I’ve noticed that even films with seemingly universal appeal among critics and the masses (Pulp Fiction comes to mind) have their detractors among hard-core cinephiles like those on this site. And movies that please the toughest critics (for the purpose of this post I’d like to call them ‘Criterions’ as opposed to an unfair term like ‘film snobs’) often don’t have legs with the general public who find them pretentious or too challenging when all they want is a good ride. One film that I’ve never heard criticism of is ‘Shawshank Redemption’ for instance and it certainly ranks high with the saturday night crowd as well as critics but I suspect it might be regarded as too facile by Criterions. Kubrick comes to mind but the people I meet who love him are generally deeply into film and not passive viewers. The one of his that I think might qualify is ‘One Flew Over the Cuckoo’s Nest’. I’ve yet to meet anyone from low brow to high that didn’t enjoy that film. Any other thoughts on films with universal appeal?
Modern Times or maybe The Gold Rush
Kubrick didn’t make Cuckoo’s Nest but that’s a good pick in terms broad appeal; it’s my mom’s favorite movie and my film snob friends love its (as do I)
‘Bicycle Thieves’ is one of my favorite films but I’m sure I couldn’t get most of my friends to sit through it. I’d argue that the crowd that made ‘Wild Hogs’ a blockbuster (I shudder as I type those words) is definitely not an audience patient enough for ‘Bicycle Thieves’.
I’ve never met anyone who didn’t like The Godfather, Goodfellas, Chinatown, Casablanca or The Night of the Hunter.
Whoa, Milos Foreman. Sorry, Rob. I had a moment there. I guess because I regard them as two of our best directors and guys who weren’t particularly prolific, I sometimes equate them… or maybe ‘The Shining’ got stuck in my head. Damn, thinking of Foreman, I think ‘Amadeus’ is pretty universal as well
Believe me, on THIS forum, no film has universal appeal – someone will damn it here, if just out of spite. However, though I have just read a couple of distractors for these on another thread, I will add Some Like it Hot and The Graduate to the list of films that should merit universal appeal (that is, except here).
once upon a time in the west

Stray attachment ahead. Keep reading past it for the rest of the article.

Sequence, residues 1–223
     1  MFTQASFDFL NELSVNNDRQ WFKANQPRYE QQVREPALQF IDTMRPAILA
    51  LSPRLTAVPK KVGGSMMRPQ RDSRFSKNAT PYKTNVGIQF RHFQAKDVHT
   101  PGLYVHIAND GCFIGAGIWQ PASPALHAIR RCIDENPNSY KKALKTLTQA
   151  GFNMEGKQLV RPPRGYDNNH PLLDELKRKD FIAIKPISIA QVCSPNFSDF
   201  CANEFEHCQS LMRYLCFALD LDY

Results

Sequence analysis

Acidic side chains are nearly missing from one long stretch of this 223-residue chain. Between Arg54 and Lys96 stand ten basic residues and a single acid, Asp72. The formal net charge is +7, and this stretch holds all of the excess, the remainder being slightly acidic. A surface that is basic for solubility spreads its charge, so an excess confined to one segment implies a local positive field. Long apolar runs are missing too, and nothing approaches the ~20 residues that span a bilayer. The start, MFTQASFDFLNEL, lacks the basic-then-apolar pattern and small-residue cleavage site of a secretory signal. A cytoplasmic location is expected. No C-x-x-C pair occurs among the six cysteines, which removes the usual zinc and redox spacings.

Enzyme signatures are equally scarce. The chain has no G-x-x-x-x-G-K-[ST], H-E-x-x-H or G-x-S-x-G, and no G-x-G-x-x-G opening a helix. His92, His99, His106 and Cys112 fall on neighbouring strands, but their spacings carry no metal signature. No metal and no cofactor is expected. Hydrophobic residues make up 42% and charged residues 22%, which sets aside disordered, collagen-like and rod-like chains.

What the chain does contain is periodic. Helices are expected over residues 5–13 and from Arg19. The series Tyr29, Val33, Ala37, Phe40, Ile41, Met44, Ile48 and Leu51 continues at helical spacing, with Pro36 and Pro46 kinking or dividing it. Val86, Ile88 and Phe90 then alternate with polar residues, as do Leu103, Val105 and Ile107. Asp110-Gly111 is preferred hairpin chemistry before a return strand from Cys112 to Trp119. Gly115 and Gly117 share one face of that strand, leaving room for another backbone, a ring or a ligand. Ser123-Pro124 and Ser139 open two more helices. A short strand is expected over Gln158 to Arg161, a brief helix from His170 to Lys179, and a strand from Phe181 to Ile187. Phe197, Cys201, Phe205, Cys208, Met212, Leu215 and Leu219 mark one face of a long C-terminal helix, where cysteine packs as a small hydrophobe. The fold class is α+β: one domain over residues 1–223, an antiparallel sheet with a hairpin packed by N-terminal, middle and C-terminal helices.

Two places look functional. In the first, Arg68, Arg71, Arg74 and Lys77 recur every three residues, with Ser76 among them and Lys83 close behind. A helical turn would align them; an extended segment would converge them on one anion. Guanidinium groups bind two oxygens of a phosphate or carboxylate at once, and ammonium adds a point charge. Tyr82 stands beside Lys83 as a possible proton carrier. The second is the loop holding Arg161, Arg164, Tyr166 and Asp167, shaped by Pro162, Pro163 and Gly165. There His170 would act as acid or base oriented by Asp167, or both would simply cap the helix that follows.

to kill a mockingbird
SOME LIKE IT HOT, good call.
Early Disney: SNOW WHITE, PINOCCHIO, DUMBO, FANTASIA: I’ve yet to meet anyone who dislikes these films.
E.T. (in fact, I don’t know anyone who dislikes really well done children’s films)
WALL-E, another example.
Probably The Untouchables.
Haha, Bob, Some Like it Hot and The Graduate are two films that most people seem to love that I find very mediocre. So you can scratch those off your list if I have any say in it. Same with Philadelphia Story.
My girlfriend didn’t like Once Upon a Time in the West, but then again I don’t think she watched more than ten minutes HA! She knows The Good, the Bad, and the Ugly is my favorite film, but I haven’t sat down to have her watch that yet.
Citizen Kane might get knocked down by people just because it’s been named the greatest film of all time in too many polls, but what about Touch of Evil?
Assayas’ “Summer Hours”.
These are the kind of films that do well on websites like films101.com.
I’ll add Bonnie and Clyde, though that’s certainly not a favorite of mine.
I enjoy Shawshank, but think that it is way overrated. I’ll put my money on Cool Hand Luke
The late great Blake Edwards’s “Breakfast at Tiffany’s” would be high on the list.
A clockwork orange, The 400 Blows, Full Metal Jacket
I would say something more middle of the road
like Terms of Enderment or Field of Dreams
not something as divisive as Kubrick’s stuff
Uh…Gone with the Wind.
As much as it pains me to say it, the box office receipts for GwtW make it an automatic contender for this. Also, The Wizard of Oz, which goes along with the “well-made children’s film”.